Veteran baseball man Dave Magadan can be counted as one vocal supporter of Mets managerial candidate Tim Bogar, as the longtime MLB coach spoke of Bogar’s virtues to Mike Puma of The New York Post (link). Magadan, who has worked with Bogar on several coaching staffs, describes Bogar as a “sharp”, “attention-to-detail guy” capable of integrating analytics while still relating to players. Magadan says that coaches and players were very surprised that Bogar didn’t get the Rangers managing job that he held in an interim capacity after the resignation of Ron Washington in 2014. “We all thought he was going to get the job there in Texas,” Magadan says in Puma’s article. “Especially after we turned things around that last month, and it didn’t happen and we were all kind of surprised.” The Rangers ultimately gave the full-time gig to Jeff Banister despite Bogar’s 14-8 interim record, while Bogar ended up undertaking some front office work with the Angels before a coaching stop with the Mariners and, ultimately, the Nationals. Bogar interviewed with Mets leadership for the second time on Thursday, although Eduardo Perez has since been described as the “front runner” for the position.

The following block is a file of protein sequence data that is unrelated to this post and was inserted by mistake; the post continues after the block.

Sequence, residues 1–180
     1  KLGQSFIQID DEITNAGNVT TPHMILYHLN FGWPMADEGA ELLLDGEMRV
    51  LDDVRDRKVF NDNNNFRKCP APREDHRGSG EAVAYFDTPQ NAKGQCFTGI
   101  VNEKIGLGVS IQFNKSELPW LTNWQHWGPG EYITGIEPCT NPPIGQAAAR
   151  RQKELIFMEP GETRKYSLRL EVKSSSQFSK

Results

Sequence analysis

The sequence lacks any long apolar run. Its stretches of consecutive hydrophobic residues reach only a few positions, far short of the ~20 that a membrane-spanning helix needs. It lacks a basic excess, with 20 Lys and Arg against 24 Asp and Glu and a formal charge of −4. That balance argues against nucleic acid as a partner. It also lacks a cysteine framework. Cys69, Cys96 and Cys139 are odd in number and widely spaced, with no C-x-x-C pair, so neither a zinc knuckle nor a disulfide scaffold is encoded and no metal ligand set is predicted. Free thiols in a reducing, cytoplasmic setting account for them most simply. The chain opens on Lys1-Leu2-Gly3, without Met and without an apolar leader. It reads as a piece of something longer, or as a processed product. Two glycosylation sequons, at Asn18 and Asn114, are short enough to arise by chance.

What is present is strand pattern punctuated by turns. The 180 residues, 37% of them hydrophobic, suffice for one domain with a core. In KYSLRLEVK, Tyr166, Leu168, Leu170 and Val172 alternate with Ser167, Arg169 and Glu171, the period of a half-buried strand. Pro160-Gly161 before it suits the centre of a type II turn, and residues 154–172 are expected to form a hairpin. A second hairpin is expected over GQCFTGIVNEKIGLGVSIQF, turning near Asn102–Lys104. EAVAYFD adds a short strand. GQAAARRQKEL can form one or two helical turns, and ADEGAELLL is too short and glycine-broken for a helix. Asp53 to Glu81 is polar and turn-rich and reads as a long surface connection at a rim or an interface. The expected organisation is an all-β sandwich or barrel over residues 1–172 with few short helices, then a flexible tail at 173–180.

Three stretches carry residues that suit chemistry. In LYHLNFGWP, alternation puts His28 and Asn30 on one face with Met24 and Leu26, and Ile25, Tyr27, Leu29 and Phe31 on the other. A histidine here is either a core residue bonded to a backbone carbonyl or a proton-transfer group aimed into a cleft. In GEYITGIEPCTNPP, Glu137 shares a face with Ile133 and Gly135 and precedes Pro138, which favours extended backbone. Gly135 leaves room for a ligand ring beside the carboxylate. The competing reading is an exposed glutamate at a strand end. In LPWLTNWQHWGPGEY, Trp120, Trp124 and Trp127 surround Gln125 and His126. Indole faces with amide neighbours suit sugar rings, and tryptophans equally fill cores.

More manager-centric notes from around the game…
- The Red Sox, Padres, and Indians are speculated as three potential landing spots for Bruce Bochy if the former Giants manager decides to make a 2021 dugout return, reads a piece from Grant Brisbee of The Athletic (link). Brisbee sees current Sox manager Alex Cora as “probably safe, but not with another disappointing season”. While it may seem odd at first glance to envision a Cora-Bochy transition, the writer is probably justified in believing that Boston’s leadership will likely have World Series-or-bust aspirations under new GM Chaim Bloom, given that the club has shown a willingness to move on from championship-winning executives like Ben Cherington and Dave Dombrowski in recent years.
- Rustin Dodd of The Athletic identifies Dave Martinez’s bilingual capabilities as a key ingredient to the manager’s success (link). Dodd relays a tale from Martinez’s experiences as a player in the Puerto Rican winter leagues, where his lack of Spanish fluency did nothing to endear him to local fans and media (one game saw a 6-foot piece of barbed wire thrown in Martinez’s direction, according to the story). These early struggles promoted Martinez to turn to Benito Santiago and Juan Nieves for Spanish instruction. Nationals GM Mike Rizzo, for one, believes that those skills have been vital to Martinez’s relationships with young players like Juan Soto and Victor Robles. This piece comes just days after–according to reports–the Spanish skills of new Padres manager Jayce Tingler were considered a decisive factor in his hiring. In 2019, game-wide Opening Day rosters featured 251 players of international origin, with 102 of those players hailing from the Dominican Republic. It stands to reason that Spanish-speaking managers like Martinez and Tingler may soon become the overwhelming norm as the demographics of MLB continue to evolve.